Ritchie said school PTAs must belong to the state and national PTAs but may choose whether to join the citywide council. White steadfastly maintains that all 51 PTAs in the city are required to join and pay dues.
In recent months, White has become an outspoken, if unconventional, critic of the Alonso administration.
While Alonso has met multiple times in the past year with other parent groups in the city, such as the Parent and Community Advisory Board and the Baltimore Education Network, he was never invited to a PTA council meeting or event.
On May 19, White called in to a WEAA-FM radio program where host Marc Steiner was interviewing Alonso. Steiner identified the caller repeatedly as "Amos," and White never corrected him.
White said on the air that he wanted to present the CEO with a midterm progress report.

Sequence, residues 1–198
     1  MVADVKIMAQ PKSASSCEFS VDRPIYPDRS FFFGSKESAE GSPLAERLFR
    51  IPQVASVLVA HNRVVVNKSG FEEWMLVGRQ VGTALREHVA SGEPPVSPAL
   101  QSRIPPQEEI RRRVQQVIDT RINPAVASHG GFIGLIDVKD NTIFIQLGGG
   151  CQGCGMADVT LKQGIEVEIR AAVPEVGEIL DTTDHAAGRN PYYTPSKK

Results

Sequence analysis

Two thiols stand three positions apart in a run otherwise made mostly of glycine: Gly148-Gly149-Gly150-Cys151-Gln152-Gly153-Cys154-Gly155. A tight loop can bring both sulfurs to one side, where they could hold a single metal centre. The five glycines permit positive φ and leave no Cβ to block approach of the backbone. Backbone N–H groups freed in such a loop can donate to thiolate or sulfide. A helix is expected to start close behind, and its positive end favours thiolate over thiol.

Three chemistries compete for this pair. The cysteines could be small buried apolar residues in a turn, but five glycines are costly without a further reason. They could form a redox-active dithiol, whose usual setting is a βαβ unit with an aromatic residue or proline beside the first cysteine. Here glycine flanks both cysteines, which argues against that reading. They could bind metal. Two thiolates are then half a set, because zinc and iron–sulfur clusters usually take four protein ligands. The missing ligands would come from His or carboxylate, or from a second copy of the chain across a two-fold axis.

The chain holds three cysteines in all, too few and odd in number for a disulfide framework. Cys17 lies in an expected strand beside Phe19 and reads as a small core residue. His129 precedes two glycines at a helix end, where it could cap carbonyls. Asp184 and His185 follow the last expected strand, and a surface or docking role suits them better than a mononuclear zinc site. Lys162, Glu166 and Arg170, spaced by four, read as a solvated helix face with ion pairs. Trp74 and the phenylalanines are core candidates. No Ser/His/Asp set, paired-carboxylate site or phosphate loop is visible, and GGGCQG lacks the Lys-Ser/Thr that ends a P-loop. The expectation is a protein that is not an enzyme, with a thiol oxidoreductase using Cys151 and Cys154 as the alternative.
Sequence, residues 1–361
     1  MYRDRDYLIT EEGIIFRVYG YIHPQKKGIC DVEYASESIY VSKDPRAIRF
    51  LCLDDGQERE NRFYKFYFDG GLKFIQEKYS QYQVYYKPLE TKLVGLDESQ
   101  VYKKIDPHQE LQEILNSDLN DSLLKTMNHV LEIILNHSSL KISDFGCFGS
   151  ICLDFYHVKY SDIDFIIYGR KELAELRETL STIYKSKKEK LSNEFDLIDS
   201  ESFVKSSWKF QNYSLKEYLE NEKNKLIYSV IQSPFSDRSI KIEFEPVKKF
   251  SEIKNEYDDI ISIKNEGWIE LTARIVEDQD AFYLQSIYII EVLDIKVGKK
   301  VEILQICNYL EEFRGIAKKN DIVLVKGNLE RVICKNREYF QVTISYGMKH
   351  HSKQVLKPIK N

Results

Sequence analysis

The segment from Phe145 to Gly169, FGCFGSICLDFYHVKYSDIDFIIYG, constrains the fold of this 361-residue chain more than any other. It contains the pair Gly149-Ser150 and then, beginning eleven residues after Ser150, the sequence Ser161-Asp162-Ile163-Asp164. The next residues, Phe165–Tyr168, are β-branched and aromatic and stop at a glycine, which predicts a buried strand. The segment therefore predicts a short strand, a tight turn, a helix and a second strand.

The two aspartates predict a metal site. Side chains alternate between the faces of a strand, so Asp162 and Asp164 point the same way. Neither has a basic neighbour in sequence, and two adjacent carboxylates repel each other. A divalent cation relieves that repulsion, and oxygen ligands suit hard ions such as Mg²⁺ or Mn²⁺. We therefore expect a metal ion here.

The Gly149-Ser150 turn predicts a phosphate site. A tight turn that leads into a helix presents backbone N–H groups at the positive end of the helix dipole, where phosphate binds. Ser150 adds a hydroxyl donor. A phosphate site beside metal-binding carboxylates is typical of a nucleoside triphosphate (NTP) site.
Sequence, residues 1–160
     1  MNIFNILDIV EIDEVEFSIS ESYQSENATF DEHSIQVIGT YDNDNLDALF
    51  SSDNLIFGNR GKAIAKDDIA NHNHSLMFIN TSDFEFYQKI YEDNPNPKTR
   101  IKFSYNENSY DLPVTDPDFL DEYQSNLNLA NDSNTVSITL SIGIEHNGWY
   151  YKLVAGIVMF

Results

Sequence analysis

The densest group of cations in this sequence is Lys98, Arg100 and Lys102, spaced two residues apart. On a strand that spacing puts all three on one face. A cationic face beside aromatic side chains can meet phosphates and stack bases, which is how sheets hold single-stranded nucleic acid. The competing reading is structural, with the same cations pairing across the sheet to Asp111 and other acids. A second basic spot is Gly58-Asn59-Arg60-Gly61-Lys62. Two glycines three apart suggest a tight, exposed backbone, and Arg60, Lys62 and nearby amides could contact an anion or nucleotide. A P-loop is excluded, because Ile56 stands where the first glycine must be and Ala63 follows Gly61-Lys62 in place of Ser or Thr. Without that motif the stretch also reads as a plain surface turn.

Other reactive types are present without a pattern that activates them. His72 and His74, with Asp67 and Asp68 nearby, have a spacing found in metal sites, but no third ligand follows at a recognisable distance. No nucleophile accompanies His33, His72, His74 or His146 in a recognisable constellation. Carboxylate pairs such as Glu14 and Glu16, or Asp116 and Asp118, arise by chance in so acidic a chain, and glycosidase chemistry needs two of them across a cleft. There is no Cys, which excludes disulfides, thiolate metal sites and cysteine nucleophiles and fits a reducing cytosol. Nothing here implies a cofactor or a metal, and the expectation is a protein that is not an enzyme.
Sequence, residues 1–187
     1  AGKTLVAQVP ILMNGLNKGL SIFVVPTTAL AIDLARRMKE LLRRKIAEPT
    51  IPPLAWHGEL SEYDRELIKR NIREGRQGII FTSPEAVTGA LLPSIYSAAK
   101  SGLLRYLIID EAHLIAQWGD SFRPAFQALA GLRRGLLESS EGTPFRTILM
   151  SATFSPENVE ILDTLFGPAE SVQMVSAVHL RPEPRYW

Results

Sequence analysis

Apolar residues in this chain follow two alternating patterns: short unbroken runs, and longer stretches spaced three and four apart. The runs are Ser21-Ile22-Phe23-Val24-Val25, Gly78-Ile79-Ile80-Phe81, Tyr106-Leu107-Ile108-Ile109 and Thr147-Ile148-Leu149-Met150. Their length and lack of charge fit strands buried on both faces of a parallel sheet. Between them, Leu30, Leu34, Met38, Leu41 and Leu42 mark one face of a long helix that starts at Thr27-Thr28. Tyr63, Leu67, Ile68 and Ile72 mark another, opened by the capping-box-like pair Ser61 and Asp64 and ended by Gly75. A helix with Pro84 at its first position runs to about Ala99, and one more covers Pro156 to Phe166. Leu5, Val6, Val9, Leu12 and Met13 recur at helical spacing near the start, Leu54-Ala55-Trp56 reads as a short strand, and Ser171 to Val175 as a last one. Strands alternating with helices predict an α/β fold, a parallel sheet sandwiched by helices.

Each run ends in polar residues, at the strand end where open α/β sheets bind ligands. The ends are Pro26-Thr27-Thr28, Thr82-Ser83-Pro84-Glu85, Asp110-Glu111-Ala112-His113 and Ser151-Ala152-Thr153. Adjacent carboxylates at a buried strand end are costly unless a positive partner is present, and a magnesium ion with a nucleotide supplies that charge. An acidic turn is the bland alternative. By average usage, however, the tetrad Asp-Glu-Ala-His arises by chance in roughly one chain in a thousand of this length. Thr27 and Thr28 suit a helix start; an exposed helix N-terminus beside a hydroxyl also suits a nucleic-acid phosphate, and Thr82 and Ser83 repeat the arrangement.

He gave Alonso an F for his revisions of the system's organizational chart (he said it doesn't include parents and community), a B-plus for frequency of school visits, a D in preparing and presenting the annual budget, a D for evaluating instruction, and a D-plus for professional development at the central office.
Alonso asked where the progress report came from and who participated in the grading.
"I'm grateful that I'm getting a B-plus for frequency of school visitation," said the CEO, who has visited 150 of the city's 192 schools during his first year on the job and attended dozens of PTA meetings.
"I would rather get an A because I don't think anybody's ever done what I've done in terms of visitation, but you know? Whoever wants to give me a grade, then that's great. I give grades all the time, so I think that's wonderful. Thank you, Eric, and what can I tell you?"
White said yesterday that he didn't feel the need to correct Steiner about his name.